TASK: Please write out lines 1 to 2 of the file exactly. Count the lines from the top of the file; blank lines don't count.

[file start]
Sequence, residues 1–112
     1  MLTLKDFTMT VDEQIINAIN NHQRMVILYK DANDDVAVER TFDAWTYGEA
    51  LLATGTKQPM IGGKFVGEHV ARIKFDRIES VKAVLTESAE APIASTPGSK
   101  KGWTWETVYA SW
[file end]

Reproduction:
Sequence, residues 1–112
     1  MLTLKDFTMT VDEQIINAIN NHQRMVILYK DANDDVAVER TFDAWTYGEA